The Colour Of Law

You have read The Colour Of Money by Mark Gimenez, even if you have never heard of him, as there is not one original thought or story line in the book.

It is a ‘copy and paste’ of cliche’s that really is a total waste of time and money.

A. Scott Fenney is a hotshot corporate lawyer at a big Dallas firm. At 33, in the prime of his life, he rakes in $750,000 a year, drives a Ferrari and comes home every night to a mansion in Dallas’s most exclusive neighbourhood. He also comes home to one of Dallas’s most beautiful women, with whom he has a much-loved daughter, Boo. For Fenney, life could not be better.

But when a senator’s son is killed in a hit-and-run, Fenney is asked by the state judge to put his air-conditioned lifestyle on hold to defend the accused: a black, heroin-addicted prostitute – a very different client to the people Fenney usually represents. And, more importantly, she is not going be paying Ford Stevens $350 an hour for the privilege of his services.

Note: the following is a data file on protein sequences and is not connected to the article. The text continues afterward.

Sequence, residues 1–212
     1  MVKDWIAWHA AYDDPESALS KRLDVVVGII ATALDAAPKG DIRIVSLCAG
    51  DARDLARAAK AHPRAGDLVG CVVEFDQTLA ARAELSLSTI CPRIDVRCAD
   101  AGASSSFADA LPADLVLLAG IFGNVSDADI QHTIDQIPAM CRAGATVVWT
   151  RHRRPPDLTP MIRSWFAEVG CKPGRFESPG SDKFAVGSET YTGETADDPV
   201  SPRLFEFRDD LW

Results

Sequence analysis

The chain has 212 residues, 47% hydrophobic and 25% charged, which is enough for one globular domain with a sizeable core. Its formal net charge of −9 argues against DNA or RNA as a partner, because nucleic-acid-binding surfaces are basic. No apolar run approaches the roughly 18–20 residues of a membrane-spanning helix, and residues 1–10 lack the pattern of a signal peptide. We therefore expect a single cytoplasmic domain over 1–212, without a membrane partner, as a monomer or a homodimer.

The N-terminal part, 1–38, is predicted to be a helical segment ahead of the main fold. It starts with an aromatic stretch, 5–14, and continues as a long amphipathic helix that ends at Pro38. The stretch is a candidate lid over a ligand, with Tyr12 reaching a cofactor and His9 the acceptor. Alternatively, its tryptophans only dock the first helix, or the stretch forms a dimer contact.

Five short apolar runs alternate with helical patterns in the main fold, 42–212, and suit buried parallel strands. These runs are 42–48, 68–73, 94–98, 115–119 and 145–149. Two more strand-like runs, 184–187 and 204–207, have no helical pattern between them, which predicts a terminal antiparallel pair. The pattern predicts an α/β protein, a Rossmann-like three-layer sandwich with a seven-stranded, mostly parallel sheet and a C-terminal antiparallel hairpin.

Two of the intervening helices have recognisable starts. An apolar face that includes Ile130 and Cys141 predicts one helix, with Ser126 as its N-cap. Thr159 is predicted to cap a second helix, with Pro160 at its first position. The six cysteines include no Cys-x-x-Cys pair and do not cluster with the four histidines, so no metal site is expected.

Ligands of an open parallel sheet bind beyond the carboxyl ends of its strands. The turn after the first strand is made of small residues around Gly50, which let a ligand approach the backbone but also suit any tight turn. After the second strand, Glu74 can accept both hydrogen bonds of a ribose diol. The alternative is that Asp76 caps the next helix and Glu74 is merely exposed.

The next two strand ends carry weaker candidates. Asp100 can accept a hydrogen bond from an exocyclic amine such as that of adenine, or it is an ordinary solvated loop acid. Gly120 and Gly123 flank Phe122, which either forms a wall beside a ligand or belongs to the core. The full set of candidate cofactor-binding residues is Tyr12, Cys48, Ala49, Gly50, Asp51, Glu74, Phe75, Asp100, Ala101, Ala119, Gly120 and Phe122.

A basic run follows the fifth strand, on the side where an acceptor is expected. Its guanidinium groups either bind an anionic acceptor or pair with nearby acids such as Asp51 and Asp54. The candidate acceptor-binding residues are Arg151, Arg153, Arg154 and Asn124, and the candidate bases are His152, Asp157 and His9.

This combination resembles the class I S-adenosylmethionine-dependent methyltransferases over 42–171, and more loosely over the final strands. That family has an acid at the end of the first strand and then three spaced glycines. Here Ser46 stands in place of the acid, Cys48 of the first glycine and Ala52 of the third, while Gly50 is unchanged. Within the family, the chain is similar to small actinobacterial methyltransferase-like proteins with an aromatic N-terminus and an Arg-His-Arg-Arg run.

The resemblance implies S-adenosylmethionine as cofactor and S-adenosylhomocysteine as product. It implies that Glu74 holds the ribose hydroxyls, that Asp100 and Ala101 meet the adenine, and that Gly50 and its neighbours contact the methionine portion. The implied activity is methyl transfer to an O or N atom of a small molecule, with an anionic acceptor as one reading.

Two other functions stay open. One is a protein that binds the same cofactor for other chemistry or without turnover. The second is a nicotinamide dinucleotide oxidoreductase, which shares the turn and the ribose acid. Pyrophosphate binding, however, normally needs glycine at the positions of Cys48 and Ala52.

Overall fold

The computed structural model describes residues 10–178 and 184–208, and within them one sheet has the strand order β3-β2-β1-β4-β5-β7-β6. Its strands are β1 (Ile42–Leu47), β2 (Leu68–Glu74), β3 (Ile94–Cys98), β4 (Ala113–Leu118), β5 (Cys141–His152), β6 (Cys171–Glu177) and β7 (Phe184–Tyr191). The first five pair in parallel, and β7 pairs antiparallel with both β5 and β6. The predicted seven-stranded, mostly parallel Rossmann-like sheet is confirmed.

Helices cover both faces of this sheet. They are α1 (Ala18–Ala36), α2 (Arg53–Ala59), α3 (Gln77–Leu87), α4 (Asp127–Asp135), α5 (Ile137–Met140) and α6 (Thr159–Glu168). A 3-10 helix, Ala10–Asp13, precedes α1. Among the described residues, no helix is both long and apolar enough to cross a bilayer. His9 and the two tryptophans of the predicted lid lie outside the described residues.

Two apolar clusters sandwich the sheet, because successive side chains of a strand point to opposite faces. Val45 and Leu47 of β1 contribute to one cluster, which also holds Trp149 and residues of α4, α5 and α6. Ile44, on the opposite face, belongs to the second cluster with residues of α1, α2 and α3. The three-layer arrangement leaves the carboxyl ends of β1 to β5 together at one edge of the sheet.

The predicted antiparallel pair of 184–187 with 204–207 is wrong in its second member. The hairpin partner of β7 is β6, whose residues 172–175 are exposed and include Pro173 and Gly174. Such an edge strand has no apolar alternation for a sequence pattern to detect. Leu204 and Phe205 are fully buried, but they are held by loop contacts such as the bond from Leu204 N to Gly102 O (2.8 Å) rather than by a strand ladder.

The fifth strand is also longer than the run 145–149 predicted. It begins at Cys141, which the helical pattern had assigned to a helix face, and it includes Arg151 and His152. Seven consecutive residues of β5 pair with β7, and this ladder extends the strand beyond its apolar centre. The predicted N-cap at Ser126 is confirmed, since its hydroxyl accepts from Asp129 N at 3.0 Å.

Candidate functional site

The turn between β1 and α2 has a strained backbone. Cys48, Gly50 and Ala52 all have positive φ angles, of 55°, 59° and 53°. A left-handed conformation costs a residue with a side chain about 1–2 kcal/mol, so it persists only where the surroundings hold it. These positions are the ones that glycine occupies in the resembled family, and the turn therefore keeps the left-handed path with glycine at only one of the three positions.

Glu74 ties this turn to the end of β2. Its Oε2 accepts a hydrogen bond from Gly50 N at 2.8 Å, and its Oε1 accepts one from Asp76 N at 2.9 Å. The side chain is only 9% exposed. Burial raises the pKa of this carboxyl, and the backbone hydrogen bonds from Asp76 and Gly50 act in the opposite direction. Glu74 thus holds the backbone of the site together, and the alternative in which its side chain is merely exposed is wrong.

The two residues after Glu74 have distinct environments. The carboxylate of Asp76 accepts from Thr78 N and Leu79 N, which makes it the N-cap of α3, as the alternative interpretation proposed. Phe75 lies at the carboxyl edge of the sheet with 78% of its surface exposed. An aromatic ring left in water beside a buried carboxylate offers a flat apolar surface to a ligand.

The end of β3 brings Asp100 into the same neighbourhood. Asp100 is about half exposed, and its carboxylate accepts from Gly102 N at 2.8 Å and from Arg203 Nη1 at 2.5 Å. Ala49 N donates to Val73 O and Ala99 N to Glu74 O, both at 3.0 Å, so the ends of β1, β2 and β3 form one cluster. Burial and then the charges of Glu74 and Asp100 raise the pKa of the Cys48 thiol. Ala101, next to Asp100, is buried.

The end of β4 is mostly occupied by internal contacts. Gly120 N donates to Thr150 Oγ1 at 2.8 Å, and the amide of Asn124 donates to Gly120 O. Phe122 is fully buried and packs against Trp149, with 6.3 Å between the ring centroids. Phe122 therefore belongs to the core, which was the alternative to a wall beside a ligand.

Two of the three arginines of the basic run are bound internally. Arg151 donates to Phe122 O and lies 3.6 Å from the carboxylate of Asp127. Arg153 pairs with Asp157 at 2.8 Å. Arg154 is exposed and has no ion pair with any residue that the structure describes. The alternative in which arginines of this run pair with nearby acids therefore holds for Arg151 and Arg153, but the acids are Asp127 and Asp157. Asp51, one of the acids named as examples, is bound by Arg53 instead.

Under fire from all sides, Fenney drafts in a public defender to take the case on. Yet as Scott prepares to hand over to Bobby, he feels increasingly guilty about the path he is taking, because Scott still believes in the principle of justice.

The question is: does he believe in it strongly enough to jeopardise everything in his life he holds dear? And to what lengths is the dead man’s power-hungry father prepared to go to test Fenney’s resolve?

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